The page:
ACA Financial Guaranty Corporation et al v. City of Buena Vista, Virginia et al, No. 6:2017cv00013 - Document 53 (W.D. Va. 2017)

Court Description: MEMORANDUM OPINION. Signed by Judge Norman K. Moon on December 19, 2017. (sfc)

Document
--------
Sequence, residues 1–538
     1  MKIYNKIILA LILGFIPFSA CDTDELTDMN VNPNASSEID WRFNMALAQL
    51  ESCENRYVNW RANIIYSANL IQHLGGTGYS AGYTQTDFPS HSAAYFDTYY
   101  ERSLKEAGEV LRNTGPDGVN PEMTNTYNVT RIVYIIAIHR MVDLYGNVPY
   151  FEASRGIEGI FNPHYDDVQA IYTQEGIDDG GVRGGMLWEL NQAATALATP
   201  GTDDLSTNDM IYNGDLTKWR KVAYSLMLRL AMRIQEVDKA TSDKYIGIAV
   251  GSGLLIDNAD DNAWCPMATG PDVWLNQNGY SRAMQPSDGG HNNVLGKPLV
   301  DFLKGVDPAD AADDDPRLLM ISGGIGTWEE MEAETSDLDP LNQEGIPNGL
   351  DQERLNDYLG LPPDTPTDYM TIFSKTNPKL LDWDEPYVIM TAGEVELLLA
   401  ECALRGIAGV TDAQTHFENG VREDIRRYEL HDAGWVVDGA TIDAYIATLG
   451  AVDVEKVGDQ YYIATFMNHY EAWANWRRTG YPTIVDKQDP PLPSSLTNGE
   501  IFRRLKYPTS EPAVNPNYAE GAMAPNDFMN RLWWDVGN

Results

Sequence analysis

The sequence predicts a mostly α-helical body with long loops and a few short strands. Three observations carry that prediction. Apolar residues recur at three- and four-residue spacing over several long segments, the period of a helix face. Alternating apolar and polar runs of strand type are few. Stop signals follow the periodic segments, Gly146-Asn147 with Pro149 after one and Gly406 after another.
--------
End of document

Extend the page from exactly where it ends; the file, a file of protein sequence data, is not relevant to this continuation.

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ACA Financial Guaranty Corporation et al v. City of Buena Vista, Virginia et al Doc. 53 UNITED STATES DISTRICT COURT WESTERN DISTRICT OF VIRGINIA LYNCHBURG DIVISION ACA FINANCIAL GUARANTY CORPORATION AND UMB BANK, N.A., 12/19/2017 CASE NO. 6:17–cv–00013 Plaintiffs, v. MEMORANDUM OPINION CITY OF BUENA VISTA, VIRGINIA, ET AL., Defendants. JUDGE NORMAN K. MOON The plaintiffs in this case, a bank and a bond insurer, assert an enforceable obligation either in contract or tort against the defendants to receive repayment stemming from the refinancing of a municipal golf course. Before the Court is a Rule 12(b)(7) motion to dismiss for failure to join a necessary party. The motion relates to two deeds of trust executed in favor of plaintiff UMB Bank’s predecessor. The deeds of trust pledged real estate as collateral in the event that the defendants (the City of Buena Vista, Virginia and its recreational authority) did not repay the bank. Defendants contend that the Trustees to the deeds are necessary parties whose presence is mandatory but would destroy the diversity jurisdiction of the Court. To prevail, Defendants must show that: first, the Trustees are necessary parties under Rule 19(a); second, their addition to the case would destroy complete diversity of citizenship; and third, the case cannot fairly proceed without the Trustees, per Rule 19(b).1 The motion fails at the second step. The Trustees (who are Virginia citizens) should be added to this case as defendants. This leaves them on the same side of the case as the original Virginia defendants. Complete diversity is therefore preserved, and Defendants’ Rule 12(b)(7) motion will be denied. 1 See Owens-Illinois, Inc. v. Meade, 186 F.3d 435, 440 (4th Cir. 1999); 5C Wright & Miller, Fed. Prac. & Proc. Civ. § 1359 (3d ed.) (quoting Paiute-Shoshone Indians of Bishop Cmty. of Bishop Colony v. City of Los Angeles, 637 F.3d 993, 997 (9th Cir. 2011)). Dockets.Justia.com This Court, in looking to Virginia law, previously held that the Trustees are necessary parties who “must,” in the parlance of Rule 19(a), be joined. Dkt. 29, available at 2017 WL 3431592 (W.D. Va. Aug. 9, 2017); see Delta Fin. Corp. v. Paul D. Comanduras & Assocs., 973 F.2d 301, 305 (4th Cir. 1992) (holding that while federal standards ultimately govern, a “federal court must look to the state-law relationships between the parties when determining which parties are, as a practical matter, necessary for a just adjudication of the case.”). The next inquiry for Rule 12(b)(7) purposes, then, was whether adding the Trustees would jeopardize jurisdiction. The Court, however, previously lacked sufficient information to ascertain the Trustees’ citizenship, so it ordered supplemental briefing on that and other issues bearing on the Rule 12(b)(7) motion. (Dkt. 30). The parties now agree that the Trustees are Virginians. (Dkt. 36 at 2; dkt. 37 at 1–2). So the question presented is: Should they be aligned as plaintiffs or defendants? Because Defendants are citizens of Virginia, see Complaint ¶¶ 3–4, aligning the Trustees as plaintiffs would destroy complete diversity and require a Rule 19(b) analysis to see if the case could proceed without them. On the other hand, if the Trustees are aligned as defendants, complete diversity remains (because Plaintiffs are citizens of Maryland, New York, and Missouri2), an indispensability analysis is unnecessary, and Defendants’ motion to dismiss would fail.3 2 Plaintiff ACA is a corporation incorporated in Maryland with its principle place of business in New York. (Complaint ¶ 1). Plaintiff UMB Bank is a national banking association who “is a citizen of the State in which its main office, as set forth in its articles of association, is located.” Wachovia Bank v. Schmidt, 546 U.S. 303, 307 (2006). It is “headquartered” in Missouri with its principal place of business there as well. (Complaint ¶ 2). 3 See Jordan v. Washington Mut. Bank, 211 F. Supp. 2d 670, 675 (D. Md. 2002) (holding “dismissal is appropriate only when necessary parties should be joined and their joinder would deprive the Court of jurisdiction”); CSX Transp., Inc. v. Forst, 777 F. Supp. 435, 444 (E.D. Va. 1991) (finding dismissal inappropriate where addition of necessary party “would not deprive this Court of jurisdiction”). –2– When deciding how to align parties, the Fourth Circuit uses the “principal purpose test,” which entails two steps. U.S. Fid. & Guar. Co. v. A & S Mfg. Co., 48 F.3d 131, 133 (4th Cir. 1995); see City of Indianapolis v. Chase Nat. Bank, 314 U.S. 63, 69–70 (1941). “First, the court must determine the primary issue in the controversy. Next, the court should align the parties according to their positions with respect to the primary issue.” A & S Mfg., 48 F.3d at 133. The Fourth Circuit has not provided an expansive explanation of how to identify a case’s “primary issue.” Nonetheless, the “primary issue” inquiry is seen as a top-level summary of the claims rather than a discrete, narrow legal issue presented by the case. This point is best shown by considering how other courts have framed the matter. In a debt collection lawsuit by a phone company against a telephone customer, the plaintiff’s primary purpose “was to collect [the customer’s] debt.” Palisades Collections LLC v. Shorts, 552 F.3d 327, 337 (4th Cir. 2008). In a declaratory judgment action by an insurer against the insured and other insurers to determine which policies provided coverage for environmental liability, the Fourth Circuit concluded that the primary issue was whether the insurers owed the insured a duty to defend and a duty to indemnify. U.S. Fid. & Guar. Co. v. A & S Mfg. Co., 48 F.3d 131, 134 (4th Cir. 1995); see Lott v. Scottsdale Ins. Co., 811 F. Supp. 2d 1220, 1224 (E.D. Va. 2011) (same). In a shareholder declaratory judgment derivative action to gain control of the company, the primary issue was whether the individual defendant “is a shareholder and/or has an interest” in the company. Gressette v. Sunset Grille, Inc., 447 F. Supp. 2d 533, 536–37 (D.S.C. 2006). In a case filed to confirm an arbitration award terminating a sports ownership group from control over a team, the primary issue was “whether to confirm an arbitration award that terminated [defendant’s] leave” from the league. Canadian Am. Ass’n of Prof’l Baseball, Ltd. v. Ottawa Rapidz, 686 F. Supp. 2d 579, 588 (M.D.N.C. 2010). In a tort and contract case by a remediation company over unpaid invoices, the primary issue was the plaintiff’s goal of receiving compensation for the work it performed. Ryan Envtl., Inc. v. Hess Oil Co., 718 F. Supp. 2d 719, 728 (N.D.W. Va. 2010). –3– In light of these authorities, the primary issue here is whether Defendants have breached various documents or acted tortiously by refusing to repay Plaintiffs for financing of a golf course. This framing accurately summarizes the heart of Plaintiffs’ claims. Their “principal purpose for filing [this] suit,” Palisades, 552 F.3d at 337, is to achieve to receive recompense in some form—such as payment, or possession and control of the encumbered property (or both)— for what Plaintiffs believe to be the City’s wrongful refusal to appropriate funds. (E.g., Complaint ¶¶ 43–47, 60–64, 68–69, 71, 76, 88, 92, 97, 101, 108, 119, 131–35). Next, the Court must align the Trustees with respect to this issue. The Trustees are best understood as being adverse to Plaintiffs’ purpose. The claims and relief they desire would upset the status quo in a way would largely oust (or at least diminish) the Trustees’ usual role. For instance, by filing their lawsuit, Plaintiffs seek to have this Court decide whether the terms of the deeds of trust were breached, a determination which would ordinarily be left to the Trustees. (See Complaint ¶¶ 60, 62–63). Under § 4.4 of the deeds of trust, the Trustees have the power to adjudge whether the deeds of trust are satisfied and, if not, to: foreclose on the properties; repair and maintain them; and “manage and operate” them in order to make the payments Plaintiffs allege are owed. Yet Plaintiffs’ lawsuit effectively asks the Court to assume the Trustees’ role. (E.g., Complaint ¶¶ 71 (seeking permission “to enter, take, possess and operate,” as well as “the right to foreclose upon,” the relevant property), 90–92, 99–101 (asserting alleged breaches entitle Plaintiffs to “immediate payment” and “possession of the property pledged”). Similarly, § 4.5 of the deeds of trust grants the Trustees power to act as receivers. This places the Trustees at odds with Plaintiffs’ request for appointment of a receiver. (Complaint ¶ 132). Indeed, because Plaintiffs assert they already have “an ownership stake in the subject –4– property which has vested in view of the express language of” the deeds of trust, id. ¶ 135, Plaintiffs seek to displace the Trustees as current legal titleholders to the properties. The Fourth Circuit endorses the consideration of a case’s “practicalities” when aligning the parties. U.S. Fid. & Guar. Co. v. A & S Mfg. Co., 48 F.3d 131, 134 (4th Cir. 1995); see Beaufort Cty. Sch. Dist. v. United Nat. Ins. Co., 519 F. Supp. 2d 609, 616 (D.S.C. 2007). Practically speaking, the Court believes that the interests of Plaintiffs, as framed by the primary issue in this case, are adverse to the Trustees’ role and interests that exist absent this lawsuit. This conclusion is further supported by the fact that the Trustees were involved—as attorneys for the City—in drafting the agreements at issue in this case. (Dkt. 37-1 at ECF 8). Their then-firm, LeClair Ryan, was in fact Defendants’ outside counsel handling the transactions, and also provided opinion letters that Plaintiffs allege were part of Defendants’ purportedly fraudulent activity. This relationship would present numerous practical difficulties were the Trustees aligned as plaintiffs, such as potential conflicts of interests and attorney-client privilege. See Va. R. Prof. Conduct 1.6, 1.9(c). Moreover, when there is an indication that a necessary third-party was involved with a defendant’s acts that form part of the basis of the dispute, the Fourth Circuit has suggested the third-party should be aligned with the defendant. See Delta Fin. Corp. v. Paul D. Comanduras & Assocs., 973 F.2d 301, 305 n.4 (4th Cir. 1992) (concluding, in case to dissolve partnership, that third-party should be aligned as defendant where named defendant had purported—prior to litigation—to substitute the third-party as a limited partner for plaintiff). * * * For the foregoing reasons, Defendants’ Rule 12(b)(7) motion will be denied. Because the Trustees are necessary parties whose alignment as defendants would not destroy the Court’s –5– jurisdiction, they will be added to this case. Plaintiffs will be ordered to serve—on or before seven days from the date of this opinion, and in accordance with the Federal Rules of Civil Procedure—the Trustees with a copy of the Complaint, this opinion, and the Court’s prior opinion holding that the Trustees are necessary parties. Upon service, the responsive deadlines of the Federal Rules of Civil Procedure will apply to the Trustees, who may submit a responsive pleading, indicate that they join Defendants’ now-ripe motion to dismiss for failure to state a claim, or file any other proper motion or pleading. The Court will then decide Defendants’ pending Rule 12(b)(6) motion. An appropriate order will issue. The Clerk of Court is requested to send a copy of this opinion and the accompanying order to counsel of record. 19th Entered this _____ day of December, 2017. –6–